I play in Organmaster shoes, I bought a pair about three years ago and they're still in tip-top condition. You might also want to consider visiting a dancing shop, as dancing shoes are often designed in a similar way to the Organmasters and suit playing the organ rather well.</P>


                  Anyone played in trainers (sneekers)? It makes for a bit of fun as the extra width makes them very clumsy the rubber soles grip the keys to much such that it is difficult to slide the foot. I actually play rather well in trainers, but I'm sure the traditionalists would have me hung drawn and quatered for doing so! It not my shoe of choice (the Organmasters are), but handy skill if you are called to play in an emergency and don't have organ shoes with you. </P>
                  <P mce_keep="true"></P>
                  1971 Allen Organ TC-3S (#42904) w/sequential capture system.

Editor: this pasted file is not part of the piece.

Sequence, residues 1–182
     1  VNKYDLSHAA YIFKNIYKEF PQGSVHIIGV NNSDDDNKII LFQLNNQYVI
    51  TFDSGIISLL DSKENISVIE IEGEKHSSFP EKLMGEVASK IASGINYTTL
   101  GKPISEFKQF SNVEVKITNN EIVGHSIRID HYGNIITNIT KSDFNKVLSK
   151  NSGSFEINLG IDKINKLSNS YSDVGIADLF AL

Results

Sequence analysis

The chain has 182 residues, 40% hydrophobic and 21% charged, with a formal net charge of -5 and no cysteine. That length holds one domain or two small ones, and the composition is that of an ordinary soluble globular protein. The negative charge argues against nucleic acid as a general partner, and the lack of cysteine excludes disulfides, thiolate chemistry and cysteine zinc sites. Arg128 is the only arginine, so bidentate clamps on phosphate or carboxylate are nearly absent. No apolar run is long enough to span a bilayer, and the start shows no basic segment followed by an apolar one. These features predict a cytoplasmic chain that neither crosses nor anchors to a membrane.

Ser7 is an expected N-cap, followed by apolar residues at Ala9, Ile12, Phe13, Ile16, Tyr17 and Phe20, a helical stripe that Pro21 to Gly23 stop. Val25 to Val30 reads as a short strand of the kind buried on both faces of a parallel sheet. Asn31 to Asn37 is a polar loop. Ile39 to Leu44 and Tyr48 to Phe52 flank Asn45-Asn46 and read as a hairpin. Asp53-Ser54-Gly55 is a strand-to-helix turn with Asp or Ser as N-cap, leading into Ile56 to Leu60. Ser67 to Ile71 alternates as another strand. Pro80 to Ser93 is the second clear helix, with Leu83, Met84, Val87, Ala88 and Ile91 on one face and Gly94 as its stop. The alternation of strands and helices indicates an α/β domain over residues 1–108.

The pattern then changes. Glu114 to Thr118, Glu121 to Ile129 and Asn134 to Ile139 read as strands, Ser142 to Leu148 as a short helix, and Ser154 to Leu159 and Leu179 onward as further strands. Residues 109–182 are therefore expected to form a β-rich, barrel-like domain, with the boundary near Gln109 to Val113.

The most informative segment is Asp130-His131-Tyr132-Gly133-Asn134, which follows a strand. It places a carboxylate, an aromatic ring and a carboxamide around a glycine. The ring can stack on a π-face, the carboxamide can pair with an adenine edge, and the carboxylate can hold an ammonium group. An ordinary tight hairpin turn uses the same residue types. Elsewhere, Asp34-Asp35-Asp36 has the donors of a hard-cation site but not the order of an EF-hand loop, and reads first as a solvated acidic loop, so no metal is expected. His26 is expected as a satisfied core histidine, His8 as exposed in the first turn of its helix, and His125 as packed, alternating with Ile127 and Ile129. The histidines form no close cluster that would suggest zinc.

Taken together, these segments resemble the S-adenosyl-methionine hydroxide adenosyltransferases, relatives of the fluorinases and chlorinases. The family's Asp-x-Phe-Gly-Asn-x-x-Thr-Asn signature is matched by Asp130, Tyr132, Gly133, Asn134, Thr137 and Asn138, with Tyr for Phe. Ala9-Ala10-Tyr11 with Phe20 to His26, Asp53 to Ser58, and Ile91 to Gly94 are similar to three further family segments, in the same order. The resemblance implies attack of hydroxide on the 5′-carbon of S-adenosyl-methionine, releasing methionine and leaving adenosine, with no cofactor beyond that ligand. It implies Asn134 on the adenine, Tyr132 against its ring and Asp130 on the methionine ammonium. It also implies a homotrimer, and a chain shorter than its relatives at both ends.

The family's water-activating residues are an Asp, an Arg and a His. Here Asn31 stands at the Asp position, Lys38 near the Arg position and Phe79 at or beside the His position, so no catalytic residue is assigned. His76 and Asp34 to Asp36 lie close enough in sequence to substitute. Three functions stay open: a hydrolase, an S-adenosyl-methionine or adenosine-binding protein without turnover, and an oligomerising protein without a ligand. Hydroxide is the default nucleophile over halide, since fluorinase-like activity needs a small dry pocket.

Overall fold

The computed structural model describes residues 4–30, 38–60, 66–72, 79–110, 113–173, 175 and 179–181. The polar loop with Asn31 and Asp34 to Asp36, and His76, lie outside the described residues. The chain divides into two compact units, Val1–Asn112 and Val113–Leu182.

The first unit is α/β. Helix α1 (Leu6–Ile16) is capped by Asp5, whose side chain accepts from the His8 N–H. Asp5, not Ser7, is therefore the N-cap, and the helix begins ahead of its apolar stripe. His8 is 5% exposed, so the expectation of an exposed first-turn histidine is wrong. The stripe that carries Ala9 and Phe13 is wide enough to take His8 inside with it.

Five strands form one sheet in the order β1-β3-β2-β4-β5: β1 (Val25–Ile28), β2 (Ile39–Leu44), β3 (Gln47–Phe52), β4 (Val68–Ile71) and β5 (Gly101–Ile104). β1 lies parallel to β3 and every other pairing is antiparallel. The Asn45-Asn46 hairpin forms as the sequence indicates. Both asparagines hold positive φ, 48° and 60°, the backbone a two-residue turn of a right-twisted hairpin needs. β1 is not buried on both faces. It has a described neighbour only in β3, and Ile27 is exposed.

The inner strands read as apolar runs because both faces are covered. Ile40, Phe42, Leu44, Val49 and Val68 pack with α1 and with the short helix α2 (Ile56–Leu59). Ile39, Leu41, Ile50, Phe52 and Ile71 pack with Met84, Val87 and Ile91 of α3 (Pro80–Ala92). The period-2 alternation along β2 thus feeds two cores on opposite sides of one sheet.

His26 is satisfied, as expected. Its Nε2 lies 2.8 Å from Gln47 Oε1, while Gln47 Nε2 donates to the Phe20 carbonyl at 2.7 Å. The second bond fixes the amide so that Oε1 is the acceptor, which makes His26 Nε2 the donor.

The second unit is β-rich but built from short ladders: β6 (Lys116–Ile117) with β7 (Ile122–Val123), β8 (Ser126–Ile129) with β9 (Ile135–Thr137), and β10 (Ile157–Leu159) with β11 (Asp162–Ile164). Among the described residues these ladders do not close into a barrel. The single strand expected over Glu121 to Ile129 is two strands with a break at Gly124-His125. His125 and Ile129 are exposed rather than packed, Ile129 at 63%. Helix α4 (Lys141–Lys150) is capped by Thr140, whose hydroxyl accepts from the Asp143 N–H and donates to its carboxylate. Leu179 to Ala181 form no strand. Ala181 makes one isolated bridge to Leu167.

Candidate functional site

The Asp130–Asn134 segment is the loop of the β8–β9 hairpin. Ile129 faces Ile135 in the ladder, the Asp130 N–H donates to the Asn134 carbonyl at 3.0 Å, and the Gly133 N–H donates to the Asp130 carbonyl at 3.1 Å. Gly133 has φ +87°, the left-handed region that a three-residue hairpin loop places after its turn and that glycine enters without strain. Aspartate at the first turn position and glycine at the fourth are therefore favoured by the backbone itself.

Speakers: x1 Model 100 Gyro, x1 Model 105 & x3 Model 108.

                  Comment


                  • #10
                    Re: shoes on the bench...



                    "How about you get the Organmasters for women! They make white, and
                    bone-white, and navy blue, and black, and gold, and silver. And
                    they're cheaper than the ones for guys! What do you say? "</p>

                    Where did Cam Carpenter get his white shoes?</p>

                    </p>

                    Comment


                    • #11
                      Re: shoes on the bench...

                      I believe that CC had those shoes (although I'm not sure "shoe" is exactly the right term, since they're almost dance slippers with a 2" heel) custom made.

                      Comment


                      • #12
                        Re: shoes on the bench...

                        Yep, I play in my Organmasters (which I just got for my birthday). They're so much nicer than nasty dress shoes with no heel (the ones that my dog had eaten). I kept stubbing my toes when I played in socks, and when I was playing from a E to an F or a B to a C, my foot would slide through. Not very fun when I had to keep pulling my feet out of the cracks.

                        Comment


                        • #13
                          Re: shoes on the bench...

                          [quote user="nullogik"]